This course will be an introduction to social philosophy, which a focus on the theory of social norms. We will examine contemporary accounts of conventions, social norms, and other informal institutions that work to define a set of self-enforcing rules of social behavior. This will involve a mix of philosophical literature and work from the social sciences. The course will be run in a seminar format. Grades will be based on presentations, active participation, and a 20-30 page final paper.
Professor Kah Kyung Cho
Friday, 1:30 - 4:20 PM
Text: Martin Heidegger, Basic Writings, edited by David
F. Krell (Harper & Row Publishers)
(UB Bookstore should have both new and used copies)
General Introduction by D. F. Krell, pages 1 - 35
Chapter I. Introduction to Being and Time, pages 38 – 89
Chapter II. What is Metaphysics, page 91 – 112
Chapter III. On the Essence of Truth, page 113 - 141
Chapter IV. The Origin of the Work of Art, page 143 - 187
Chapter V. Letter on Humanism, page 189 - 242
Chapter VI. Modern Science, Metaphysics & Mathematics, page 243 - 282
Chapter VII. The Question Concerning Technology , page 283 - 317
Chapter VIII. Building, Dwelling, Thinking, page 320 - 339
Chapter IX What Calls for Thinking, page 341 - 367
Chapter X. The End of Philosophy
and the Task of Thinking, page 369 -
(After the above Ten Chapters (weeks) are finished, the remaining 2 to 3 weeks are reserved for the discussion of “Humanism” based on the handouts from other sources than Heidegger.)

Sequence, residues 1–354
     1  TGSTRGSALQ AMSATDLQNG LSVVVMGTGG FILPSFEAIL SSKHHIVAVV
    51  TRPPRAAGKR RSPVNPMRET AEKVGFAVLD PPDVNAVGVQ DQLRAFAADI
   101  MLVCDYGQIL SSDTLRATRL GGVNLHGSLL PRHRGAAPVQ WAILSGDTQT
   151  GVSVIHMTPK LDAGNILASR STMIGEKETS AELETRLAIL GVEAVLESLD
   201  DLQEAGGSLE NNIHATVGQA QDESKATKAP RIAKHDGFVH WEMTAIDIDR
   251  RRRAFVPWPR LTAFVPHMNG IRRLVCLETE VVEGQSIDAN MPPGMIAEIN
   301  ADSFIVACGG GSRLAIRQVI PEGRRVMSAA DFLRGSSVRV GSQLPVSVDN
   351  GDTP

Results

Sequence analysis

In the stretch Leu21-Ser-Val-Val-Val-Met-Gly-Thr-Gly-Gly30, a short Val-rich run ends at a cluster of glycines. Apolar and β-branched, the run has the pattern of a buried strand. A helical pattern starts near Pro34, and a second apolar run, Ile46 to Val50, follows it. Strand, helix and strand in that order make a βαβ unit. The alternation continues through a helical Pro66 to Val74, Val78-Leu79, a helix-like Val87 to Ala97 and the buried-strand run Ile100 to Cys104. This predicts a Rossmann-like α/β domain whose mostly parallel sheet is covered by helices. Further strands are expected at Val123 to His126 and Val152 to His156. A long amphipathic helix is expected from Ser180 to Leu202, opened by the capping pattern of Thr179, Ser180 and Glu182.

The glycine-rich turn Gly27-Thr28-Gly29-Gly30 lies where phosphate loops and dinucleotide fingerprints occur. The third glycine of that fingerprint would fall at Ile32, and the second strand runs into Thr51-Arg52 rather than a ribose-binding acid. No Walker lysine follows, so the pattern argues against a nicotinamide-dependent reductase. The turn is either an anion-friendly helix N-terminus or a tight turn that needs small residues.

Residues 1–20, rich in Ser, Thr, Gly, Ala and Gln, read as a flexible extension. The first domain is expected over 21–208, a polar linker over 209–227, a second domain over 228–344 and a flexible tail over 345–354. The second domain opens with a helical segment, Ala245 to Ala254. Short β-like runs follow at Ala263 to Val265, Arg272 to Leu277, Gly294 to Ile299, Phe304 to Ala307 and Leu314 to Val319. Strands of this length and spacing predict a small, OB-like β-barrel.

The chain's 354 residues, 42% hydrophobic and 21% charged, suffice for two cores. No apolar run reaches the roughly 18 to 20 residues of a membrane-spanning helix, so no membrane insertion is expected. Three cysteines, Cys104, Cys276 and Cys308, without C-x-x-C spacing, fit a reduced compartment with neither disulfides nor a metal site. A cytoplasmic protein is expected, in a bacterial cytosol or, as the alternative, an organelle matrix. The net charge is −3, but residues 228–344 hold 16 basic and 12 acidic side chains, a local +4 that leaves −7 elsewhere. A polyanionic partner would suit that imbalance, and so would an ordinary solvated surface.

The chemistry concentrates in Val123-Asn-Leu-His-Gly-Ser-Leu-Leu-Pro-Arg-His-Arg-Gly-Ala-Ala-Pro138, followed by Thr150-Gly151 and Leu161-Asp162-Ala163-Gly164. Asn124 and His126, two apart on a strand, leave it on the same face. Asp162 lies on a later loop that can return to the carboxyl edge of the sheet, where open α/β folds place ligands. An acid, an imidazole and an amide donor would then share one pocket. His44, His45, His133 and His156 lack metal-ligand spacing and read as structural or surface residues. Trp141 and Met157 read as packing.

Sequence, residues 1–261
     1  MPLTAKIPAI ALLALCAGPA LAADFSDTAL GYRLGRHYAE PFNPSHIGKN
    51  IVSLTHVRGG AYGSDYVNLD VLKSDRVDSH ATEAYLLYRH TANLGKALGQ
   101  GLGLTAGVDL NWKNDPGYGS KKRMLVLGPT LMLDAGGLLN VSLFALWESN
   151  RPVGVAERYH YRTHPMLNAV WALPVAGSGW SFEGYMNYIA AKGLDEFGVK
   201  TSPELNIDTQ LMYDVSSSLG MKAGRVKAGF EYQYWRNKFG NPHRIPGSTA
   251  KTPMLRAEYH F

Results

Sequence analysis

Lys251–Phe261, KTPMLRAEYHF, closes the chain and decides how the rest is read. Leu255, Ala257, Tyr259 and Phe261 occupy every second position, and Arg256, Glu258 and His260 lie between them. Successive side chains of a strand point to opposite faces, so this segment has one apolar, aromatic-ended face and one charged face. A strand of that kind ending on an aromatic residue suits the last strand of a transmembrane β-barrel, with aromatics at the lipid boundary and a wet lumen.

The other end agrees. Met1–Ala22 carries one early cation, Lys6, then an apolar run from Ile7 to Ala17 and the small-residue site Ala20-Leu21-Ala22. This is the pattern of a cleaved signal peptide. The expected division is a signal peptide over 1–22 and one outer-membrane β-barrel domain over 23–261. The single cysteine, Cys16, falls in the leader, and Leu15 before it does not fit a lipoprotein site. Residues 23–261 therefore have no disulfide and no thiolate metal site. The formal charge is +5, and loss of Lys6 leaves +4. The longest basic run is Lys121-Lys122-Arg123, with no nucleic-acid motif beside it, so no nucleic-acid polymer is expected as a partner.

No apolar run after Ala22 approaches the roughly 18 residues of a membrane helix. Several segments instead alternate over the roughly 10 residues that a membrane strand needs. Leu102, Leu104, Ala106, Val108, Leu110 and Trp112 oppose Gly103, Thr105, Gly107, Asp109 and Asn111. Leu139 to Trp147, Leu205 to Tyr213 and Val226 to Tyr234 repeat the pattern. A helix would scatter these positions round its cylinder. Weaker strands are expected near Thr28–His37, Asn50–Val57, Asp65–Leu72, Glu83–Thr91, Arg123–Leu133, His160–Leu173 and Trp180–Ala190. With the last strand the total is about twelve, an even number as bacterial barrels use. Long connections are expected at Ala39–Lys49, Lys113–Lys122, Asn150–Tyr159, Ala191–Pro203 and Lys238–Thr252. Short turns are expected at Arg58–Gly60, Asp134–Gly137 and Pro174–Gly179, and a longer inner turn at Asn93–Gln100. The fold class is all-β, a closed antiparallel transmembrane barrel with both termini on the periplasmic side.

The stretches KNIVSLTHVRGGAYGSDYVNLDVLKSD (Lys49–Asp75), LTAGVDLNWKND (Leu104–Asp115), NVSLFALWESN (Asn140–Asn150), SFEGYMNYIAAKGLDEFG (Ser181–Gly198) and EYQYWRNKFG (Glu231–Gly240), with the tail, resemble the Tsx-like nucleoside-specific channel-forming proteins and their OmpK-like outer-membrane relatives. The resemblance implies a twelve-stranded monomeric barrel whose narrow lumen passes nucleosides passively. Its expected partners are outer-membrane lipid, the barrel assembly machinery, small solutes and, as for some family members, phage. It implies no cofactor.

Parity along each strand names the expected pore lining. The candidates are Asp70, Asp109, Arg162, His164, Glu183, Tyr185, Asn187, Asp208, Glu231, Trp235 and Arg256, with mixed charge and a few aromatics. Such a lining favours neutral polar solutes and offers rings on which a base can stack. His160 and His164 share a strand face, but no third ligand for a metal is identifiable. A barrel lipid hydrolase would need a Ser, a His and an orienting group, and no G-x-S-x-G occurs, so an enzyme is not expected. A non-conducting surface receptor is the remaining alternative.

Assignments and Grading: The Basic Writings has ten Chapters, each chapter is between 30 to 50 pages long. Each student is required to make an up to 45 minutes long presentation on his or her chosen chapter; each class presentation is worth 30 points.
Before your own presentation, please prepare a one-page summary of your chapter, make a Xerox copy and distribute it to all other students at least 4 – 6 days in advance
Attendance and participation in discussion is also 30 points. Final paper (8 to 10 pages, double spaced, is 40 points worth)
Professor Lewis Powell
Monday, 1:00 - 3:50 PM
The Graduate Dissertation Seminar is a course designed to assist students as they make progress on their dissertations, and approach the job market. The course focuses on presenting one’s work, giving and receiving feedback to other students on their work, and professionalization.
Professor Neil Williams
Monday 4:00 - 6:50 PM
The aim of this course is to provide strategies and information that will aid you in becoming a better philosophy instructor. And, where appropriate, prepare you for your first assignments as full instructors of courses, in charge of the: course syllabus, text selection, lectures, assignments, grading, and so on. The course will not only prepare you for your first teaching assignments, it will provide a series of techniques that will help improve you as instructor.
The course will be graded Satisfactory/Unsatisfactory (S/U). PHI 604 is not considered a seminar or independent study. Credit for PHI 604 cannot be counted towards the MA in Philosophy (but will count towards the PhD if the student enters the PhD program).
**Successful completion of PHI 604 is (typically) a necessary condition for summer teaching, and is a requirement of the PhD program.**
Professor Barry Smith
Professor Thomas Bittner
Tuesday, 1:00 - 3:50 PM
Studies logical systems designed to express concepts of necessity and possibility. Develops semantic accounts employing systems of possible worlds. Examines philosophical topics and problems related to necessity and possibility.
See HUB Registration site for Individual Tutorial Course Sections with Philosophy Department Faculty to be Arranged with Permission of Instructor: